When the Edmonton Oilers drafted speedy Finnish foward Toni Rajala
just over a week ago in the fourth round at the 2009 NHL Entry Draft in Montreal, at least one current Oilers forward couldn't contain his excitement.Teemu Hartikainen
, who was drafted in the sixth round by the Oilers only a year ago, was a teammate of Rajala's at the World Junior Championships. The two players also knew each other growing up in Finland playing with and against each other over the years.
"It was great," said Hartikainen of the addition of Rajala, "I don't speak very good English so he can help me very much."
Already the two players are assisting one another as they both make their first extended venture over to North America - and in particular the Edmonton area - for the 2009 Oilers Development Camp in Sherwood Park.
Rajala was projected to go in the second or third round of this year's draft so imagine Edmonton's surprise and delight that he was still available in the fourth round. The slick-skating forward immediately becomes one of the Oilers' fastest and more purely skilled prospects.
|Rajala skates for Team Finland at the World Juniors (Getty Images) |
"He's not overly big, he's 5'10.5" but he's extremely smart. He plays in the hard areas, one of those guys who's always on the puck creating plays to the net," remarked Oilers head scout Stu MacGregor.
"I think the only knock on Toni is he's not real big. That may have scared some people off. We were never really that concerned about that."
Size may be somewhat of an issue for Rajala but he has also grown more than two inches over the past 18 months. At more than 5'10" there are plenty of capable NHL forwards smaller than him.
Not to mention, within his peer group, Rajala has been dominant. He broke Alexander Ovechkin's record at the Under-18 World Championships with 10 goals and 19 points in only six games.
"He's a player that led the Under-18 World Champinships in scoring. Tied the record for most points in the tournament," MacGregor continued.
"We had a very good team," said Rajala. "My line was very good and we played very well together. It was my best tournament ever and I was very happy."
He was also happy to be drafted by Edmonton - after waiting much longer than he initially thought he would.
"I was very happy (to be drafted by the Oilers)," Rajala remarked. "It's a good team and Edmonton is a nice town."
Rajala has an important decision to make in the next few weeks. He was recently drafted in the CHL import draft by the Brandon Wheat Kings - a team which also happens to be hosting the Memorial Cup.
"Maybe I'll play in Brandon or Finland, I don't know yet," he said. "Playing the game here is tougher. It would be a very good experience."
The opportunity to play in Canada's top junior tournament is making this a tough decision for the slick-skating forward.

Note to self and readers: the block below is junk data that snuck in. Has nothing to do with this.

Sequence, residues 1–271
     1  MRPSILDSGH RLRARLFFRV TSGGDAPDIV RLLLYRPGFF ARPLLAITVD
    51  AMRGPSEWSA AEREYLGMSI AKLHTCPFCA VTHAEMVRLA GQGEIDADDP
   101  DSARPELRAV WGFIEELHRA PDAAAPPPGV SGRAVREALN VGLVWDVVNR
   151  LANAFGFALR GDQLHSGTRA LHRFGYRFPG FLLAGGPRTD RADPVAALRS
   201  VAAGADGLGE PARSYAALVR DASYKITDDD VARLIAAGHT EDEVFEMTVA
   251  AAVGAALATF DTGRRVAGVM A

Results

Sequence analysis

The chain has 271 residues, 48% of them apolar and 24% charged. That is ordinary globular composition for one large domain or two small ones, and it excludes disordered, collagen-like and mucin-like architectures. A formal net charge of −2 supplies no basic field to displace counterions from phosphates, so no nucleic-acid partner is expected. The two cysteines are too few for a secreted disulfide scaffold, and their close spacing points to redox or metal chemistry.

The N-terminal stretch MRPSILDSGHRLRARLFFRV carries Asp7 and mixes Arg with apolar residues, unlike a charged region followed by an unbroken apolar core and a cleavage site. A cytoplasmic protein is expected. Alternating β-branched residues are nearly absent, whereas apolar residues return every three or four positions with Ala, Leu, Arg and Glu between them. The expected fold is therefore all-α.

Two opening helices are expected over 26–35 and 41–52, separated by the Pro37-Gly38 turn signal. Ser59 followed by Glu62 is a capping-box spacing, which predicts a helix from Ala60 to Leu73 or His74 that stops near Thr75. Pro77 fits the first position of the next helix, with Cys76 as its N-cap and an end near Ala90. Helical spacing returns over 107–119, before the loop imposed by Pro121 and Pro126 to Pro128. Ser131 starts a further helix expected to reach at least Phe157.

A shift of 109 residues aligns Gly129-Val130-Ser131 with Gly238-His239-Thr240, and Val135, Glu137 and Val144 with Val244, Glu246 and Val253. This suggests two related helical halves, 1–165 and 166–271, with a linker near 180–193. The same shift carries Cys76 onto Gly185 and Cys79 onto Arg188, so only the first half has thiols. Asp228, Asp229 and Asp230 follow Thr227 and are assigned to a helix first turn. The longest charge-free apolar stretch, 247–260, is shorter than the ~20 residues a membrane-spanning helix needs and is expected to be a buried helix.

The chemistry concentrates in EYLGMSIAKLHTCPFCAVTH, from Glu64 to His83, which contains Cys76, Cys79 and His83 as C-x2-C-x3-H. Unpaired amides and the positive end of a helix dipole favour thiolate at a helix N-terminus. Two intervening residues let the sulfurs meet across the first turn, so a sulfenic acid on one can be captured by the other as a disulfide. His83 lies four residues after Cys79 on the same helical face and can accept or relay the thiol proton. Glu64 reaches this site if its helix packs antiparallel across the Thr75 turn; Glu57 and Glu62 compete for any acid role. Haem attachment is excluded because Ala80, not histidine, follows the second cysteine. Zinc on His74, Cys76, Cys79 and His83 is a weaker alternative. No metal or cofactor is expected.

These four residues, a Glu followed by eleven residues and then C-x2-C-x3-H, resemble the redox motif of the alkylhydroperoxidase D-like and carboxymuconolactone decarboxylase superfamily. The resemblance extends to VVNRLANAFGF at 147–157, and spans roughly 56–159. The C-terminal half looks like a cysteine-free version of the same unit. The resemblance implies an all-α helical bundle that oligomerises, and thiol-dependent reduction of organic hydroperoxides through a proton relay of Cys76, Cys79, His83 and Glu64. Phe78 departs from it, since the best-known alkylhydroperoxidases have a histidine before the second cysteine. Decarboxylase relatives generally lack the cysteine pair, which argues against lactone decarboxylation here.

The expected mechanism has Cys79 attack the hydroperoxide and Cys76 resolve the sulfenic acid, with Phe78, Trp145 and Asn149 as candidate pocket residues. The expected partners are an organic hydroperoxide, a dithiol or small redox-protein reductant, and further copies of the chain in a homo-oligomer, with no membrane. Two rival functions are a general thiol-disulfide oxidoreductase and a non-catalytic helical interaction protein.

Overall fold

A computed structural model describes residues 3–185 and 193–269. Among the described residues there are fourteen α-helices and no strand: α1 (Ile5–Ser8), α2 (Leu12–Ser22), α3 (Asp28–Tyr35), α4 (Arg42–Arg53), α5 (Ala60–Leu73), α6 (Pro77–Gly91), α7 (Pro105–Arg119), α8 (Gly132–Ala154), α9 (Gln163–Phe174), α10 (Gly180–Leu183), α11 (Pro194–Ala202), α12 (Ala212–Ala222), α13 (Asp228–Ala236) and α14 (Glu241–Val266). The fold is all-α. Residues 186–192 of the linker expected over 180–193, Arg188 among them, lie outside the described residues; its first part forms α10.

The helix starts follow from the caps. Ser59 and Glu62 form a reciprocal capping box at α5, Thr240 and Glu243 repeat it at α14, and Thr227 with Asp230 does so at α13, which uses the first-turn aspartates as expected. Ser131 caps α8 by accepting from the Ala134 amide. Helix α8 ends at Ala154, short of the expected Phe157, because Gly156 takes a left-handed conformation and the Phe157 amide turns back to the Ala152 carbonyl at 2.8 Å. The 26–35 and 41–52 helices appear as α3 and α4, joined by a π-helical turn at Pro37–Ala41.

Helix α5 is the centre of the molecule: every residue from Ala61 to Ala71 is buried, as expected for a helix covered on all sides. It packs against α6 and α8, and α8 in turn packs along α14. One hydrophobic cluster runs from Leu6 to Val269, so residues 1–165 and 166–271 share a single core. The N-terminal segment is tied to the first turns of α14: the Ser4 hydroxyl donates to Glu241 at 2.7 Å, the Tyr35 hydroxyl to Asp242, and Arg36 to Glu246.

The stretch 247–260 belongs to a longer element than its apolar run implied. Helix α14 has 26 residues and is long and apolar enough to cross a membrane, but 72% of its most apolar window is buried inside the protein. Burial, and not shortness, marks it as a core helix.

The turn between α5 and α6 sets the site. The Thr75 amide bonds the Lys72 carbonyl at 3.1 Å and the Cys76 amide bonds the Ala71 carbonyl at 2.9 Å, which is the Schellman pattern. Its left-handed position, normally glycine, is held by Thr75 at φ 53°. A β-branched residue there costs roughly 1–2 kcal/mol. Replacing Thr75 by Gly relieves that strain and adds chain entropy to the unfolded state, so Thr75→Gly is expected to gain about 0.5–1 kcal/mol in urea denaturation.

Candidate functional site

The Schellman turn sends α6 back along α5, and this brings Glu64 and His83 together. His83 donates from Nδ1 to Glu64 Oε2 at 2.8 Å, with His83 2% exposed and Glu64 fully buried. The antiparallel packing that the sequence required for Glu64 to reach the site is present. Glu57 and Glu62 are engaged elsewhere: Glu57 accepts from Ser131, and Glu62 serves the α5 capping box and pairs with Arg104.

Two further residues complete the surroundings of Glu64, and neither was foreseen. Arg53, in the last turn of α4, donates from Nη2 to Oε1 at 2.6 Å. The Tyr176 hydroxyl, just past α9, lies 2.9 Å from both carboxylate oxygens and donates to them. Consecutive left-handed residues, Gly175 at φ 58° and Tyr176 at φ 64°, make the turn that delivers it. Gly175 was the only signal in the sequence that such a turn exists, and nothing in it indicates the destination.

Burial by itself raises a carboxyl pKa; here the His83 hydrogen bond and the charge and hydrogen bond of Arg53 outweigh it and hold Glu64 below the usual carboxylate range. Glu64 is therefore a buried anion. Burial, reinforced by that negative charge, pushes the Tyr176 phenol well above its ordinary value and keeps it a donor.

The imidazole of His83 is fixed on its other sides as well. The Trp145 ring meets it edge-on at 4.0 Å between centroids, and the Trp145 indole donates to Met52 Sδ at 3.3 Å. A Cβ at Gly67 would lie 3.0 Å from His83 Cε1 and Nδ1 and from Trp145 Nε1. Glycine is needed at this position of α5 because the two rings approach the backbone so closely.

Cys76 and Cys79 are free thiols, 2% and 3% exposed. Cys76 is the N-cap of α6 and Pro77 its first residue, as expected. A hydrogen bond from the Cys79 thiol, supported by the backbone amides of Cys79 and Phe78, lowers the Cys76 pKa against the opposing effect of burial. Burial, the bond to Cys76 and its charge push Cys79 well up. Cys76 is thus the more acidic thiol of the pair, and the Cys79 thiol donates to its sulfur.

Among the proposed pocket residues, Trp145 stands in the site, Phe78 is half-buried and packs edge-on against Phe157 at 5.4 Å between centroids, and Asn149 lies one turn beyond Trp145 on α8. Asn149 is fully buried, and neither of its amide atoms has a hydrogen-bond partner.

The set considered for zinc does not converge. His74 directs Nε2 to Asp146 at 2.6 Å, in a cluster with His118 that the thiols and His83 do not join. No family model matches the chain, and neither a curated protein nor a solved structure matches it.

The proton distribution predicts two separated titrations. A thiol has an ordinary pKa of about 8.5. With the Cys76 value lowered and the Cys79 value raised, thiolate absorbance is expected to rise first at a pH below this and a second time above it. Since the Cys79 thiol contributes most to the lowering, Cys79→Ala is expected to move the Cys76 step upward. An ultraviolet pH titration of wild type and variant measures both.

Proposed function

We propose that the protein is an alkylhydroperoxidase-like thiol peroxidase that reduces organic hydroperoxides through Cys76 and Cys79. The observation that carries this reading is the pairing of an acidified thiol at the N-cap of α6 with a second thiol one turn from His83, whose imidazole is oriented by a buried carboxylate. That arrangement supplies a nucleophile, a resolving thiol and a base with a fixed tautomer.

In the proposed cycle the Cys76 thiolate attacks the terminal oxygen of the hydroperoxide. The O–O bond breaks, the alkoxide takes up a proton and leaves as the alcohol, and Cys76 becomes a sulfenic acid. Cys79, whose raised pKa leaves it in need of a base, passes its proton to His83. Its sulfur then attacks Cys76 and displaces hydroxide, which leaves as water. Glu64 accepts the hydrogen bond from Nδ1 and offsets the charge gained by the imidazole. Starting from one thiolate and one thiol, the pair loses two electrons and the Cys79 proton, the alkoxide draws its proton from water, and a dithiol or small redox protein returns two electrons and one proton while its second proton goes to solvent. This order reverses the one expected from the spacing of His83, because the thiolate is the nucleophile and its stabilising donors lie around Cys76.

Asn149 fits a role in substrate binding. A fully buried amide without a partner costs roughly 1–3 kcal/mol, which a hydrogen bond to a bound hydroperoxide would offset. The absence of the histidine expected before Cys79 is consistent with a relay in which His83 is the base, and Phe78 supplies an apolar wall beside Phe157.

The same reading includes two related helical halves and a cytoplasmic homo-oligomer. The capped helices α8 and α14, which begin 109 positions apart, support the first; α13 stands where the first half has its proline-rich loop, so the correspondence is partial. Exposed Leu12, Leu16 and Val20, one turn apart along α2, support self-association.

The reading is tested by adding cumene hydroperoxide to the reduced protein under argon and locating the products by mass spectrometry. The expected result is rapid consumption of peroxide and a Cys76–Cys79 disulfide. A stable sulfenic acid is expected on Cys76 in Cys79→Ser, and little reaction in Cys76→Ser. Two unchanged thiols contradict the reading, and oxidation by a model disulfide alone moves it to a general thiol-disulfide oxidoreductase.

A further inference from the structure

"It's a very nice thing, the Memorial Cup. It's a big tournament and I want to play in the Memorial Cup."
The opportunity to play in the Western Hockey League would help Rajala with his goal of getting stronger but he knows where the true strength of his game lies.
"I'm a quick player and I have good hockey sense. Martin St. Louis or Patrick Kane are a little bit of the same style as me." HARTIKAINEN STEPS UP
Rajala's teammate at the World Juniors and good friend, Hartikainen, plays a much different style of game.
"I'm a power forward. I drive to the front of the net and score," said Hartikainen, comparing his style of game to Tomas Holmstrom.
After being drafted in the sixth round, Hartikainen had a monster season en route to setting a record for goals in the Finnish Elite League by an 18-year-old with 17. He also won the league's Rookie-of-the-Year award.
"It was a very good season," he said. "We had a great playoffs and the coach liked me."
"I don't think he surprised us in what he did this year, but I think the amount of games - playing the full year in the Finnish Elite League and winning rookie of the year honours - was a big thing for him," said OIlers Assistant GM Kevin Prendergast.
"He played very well at the World Junior Championships. He's a big kid, 6'2" 205 pounds. He's got good hands, goes to the net and is very strong."
Hartikainen led his country in scoring with nine points in six games in the tournament. His strong showing almost earned him an appearance in the top men's world tourney.
"Talking to Jari Kurri, he's one of the players they had on their radar to bring to the World Championships," Prendergast continued. "If some NHL players declined, he was going to get that opportunity."
Hartikainen will play another year in the Finnish league with another opportunity to learn alongside NHL veteran Sami Kapanen.
"The coach said that Sami took him under his wing and really worked with him hard," Prendergast noted.
Hartikainen's goal is to come over to North American following next season.
"It's my dream to come play here," he said. "I think I'll play next season in Finland and then after a year I'll come here."
The Oilers are eager to work with him at Development Camp as he moves closer to being a top-level pro player.
"His skating's got to improve a little bit but he's aware of that," said Prendergast.
"When you're one of those players, you're a boy playing with men and you're able to put him numbers like he put up there's certainly a light at the end of the tunnel for him."